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The Confucius Institute for Business held a training course on the Chinese food and beverage market at the CCI in Caen. The opportunity for a number of French companies to receive expert advice on what is for them an attractive market.
On Monday December 3, as part of the 2018 International Days and in association with the Normandy Region's Association of Food Companies (AREA), the Confucius Institute for Business and the International CCI of Normandy co-organized a first training session on the food market in China. A major sector of excellence in the heart of the Normandy Region was able to take advantage of the in-depth experience of the Confucius Institute.  An interesting opportunity for the participating companies and their promising range of products (which include children's products, lasagna, rapeseed oil and mineral water).
Over the course of this day of study, several themes were discussed. First, an overview of the agro-food market in China. For the occasion, Jean-Marc Chaumet, project manager at the Institut Elevage presented the particularities of the market and its consumers. "It should be noted that China is a major importer of food products, particularly because the country does not have enough land to grow crops and also that environmental pollution is a major issue that has a significant impact on national production. This gives every chance to Made in France products. As such, there is a huge advantage over national competition. Today, the Chinese population consumes foreign products for reasons of image and status. They also prefer our products because they are aware that we respect high standards of quality. Finally, because there is an increasing younger generation who are better informed about international products.”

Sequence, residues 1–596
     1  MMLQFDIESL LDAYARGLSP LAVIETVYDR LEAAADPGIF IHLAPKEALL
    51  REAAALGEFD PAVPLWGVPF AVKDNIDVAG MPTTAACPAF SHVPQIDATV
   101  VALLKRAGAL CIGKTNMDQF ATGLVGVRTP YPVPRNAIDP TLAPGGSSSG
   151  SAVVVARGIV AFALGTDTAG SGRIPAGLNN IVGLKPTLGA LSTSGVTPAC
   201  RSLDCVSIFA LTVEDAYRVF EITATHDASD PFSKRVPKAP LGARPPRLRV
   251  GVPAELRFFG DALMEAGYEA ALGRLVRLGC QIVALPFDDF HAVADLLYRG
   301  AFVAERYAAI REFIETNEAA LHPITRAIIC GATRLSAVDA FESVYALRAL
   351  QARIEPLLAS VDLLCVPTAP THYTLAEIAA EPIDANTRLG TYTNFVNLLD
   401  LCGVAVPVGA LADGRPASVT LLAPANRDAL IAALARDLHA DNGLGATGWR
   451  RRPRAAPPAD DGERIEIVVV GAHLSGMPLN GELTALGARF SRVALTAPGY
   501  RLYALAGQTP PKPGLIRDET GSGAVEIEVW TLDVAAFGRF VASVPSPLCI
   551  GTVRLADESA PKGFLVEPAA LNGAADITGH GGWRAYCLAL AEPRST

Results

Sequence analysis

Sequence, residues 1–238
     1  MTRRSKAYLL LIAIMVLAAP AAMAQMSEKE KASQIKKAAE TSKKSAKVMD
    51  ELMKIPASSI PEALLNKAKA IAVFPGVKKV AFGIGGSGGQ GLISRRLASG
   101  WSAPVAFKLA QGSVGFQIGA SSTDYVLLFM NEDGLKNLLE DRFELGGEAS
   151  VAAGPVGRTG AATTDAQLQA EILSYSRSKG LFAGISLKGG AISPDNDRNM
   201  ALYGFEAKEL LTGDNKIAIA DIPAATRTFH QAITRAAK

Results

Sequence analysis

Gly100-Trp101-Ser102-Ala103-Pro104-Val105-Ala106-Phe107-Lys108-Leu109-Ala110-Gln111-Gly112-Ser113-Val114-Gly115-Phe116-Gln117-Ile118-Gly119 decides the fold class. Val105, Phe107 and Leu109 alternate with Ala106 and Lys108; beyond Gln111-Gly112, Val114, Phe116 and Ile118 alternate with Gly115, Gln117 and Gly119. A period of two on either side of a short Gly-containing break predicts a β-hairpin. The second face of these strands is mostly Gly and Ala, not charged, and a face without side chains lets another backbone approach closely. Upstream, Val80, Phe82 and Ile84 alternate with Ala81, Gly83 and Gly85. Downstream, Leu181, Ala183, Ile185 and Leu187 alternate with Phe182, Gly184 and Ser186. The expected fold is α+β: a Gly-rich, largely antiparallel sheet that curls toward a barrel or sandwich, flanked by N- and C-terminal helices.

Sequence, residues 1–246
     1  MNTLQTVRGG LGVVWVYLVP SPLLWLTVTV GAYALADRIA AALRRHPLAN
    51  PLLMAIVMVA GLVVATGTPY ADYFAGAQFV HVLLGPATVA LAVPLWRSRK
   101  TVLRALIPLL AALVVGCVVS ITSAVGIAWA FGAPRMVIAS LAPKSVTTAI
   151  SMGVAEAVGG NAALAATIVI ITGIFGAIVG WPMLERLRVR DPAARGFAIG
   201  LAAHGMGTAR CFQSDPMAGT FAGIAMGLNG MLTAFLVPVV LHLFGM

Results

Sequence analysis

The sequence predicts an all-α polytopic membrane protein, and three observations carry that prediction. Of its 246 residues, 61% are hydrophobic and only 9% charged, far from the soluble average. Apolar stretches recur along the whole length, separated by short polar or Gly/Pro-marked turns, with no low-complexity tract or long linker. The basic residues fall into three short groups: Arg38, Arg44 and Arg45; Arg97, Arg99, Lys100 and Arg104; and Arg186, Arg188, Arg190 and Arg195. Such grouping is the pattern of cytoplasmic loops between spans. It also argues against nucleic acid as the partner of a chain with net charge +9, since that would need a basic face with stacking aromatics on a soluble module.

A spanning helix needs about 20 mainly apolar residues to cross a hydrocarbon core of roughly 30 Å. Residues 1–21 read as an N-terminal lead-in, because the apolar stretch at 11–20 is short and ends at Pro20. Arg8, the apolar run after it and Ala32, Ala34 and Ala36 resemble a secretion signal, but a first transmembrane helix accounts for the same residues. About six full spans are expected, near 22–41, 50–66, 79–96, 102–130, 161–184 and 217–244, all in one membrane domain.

Constraints to be respected before achieving commercial success
As a follow-up to this introduction, issues related to customs clearing and export were addressed. Servane Huet, from the Business Advisory Unit of the Caen Regional Customs Authority, presented a series of facts that should not be ignored before exporting to China - regulatory procedures that have been strengthened since the 9/11 attacks in the US.
To round off the theme, Céline LAURANS, Regulatory Information Manager for Asia with Business France, clarified labelling and food additive requirements. To conclude, Camille Mancelle, export manager and head of infant milk sales for Coopérative Isygny Sainte-Mère, talked about her rich experience. "If I had to give one piece of advice, it would be to build partnerships with local partners. Without this support, development is extremely complicated and even doomed to failure".

An inspiring and eventful day that served to feed the ambitions of the participating companies.

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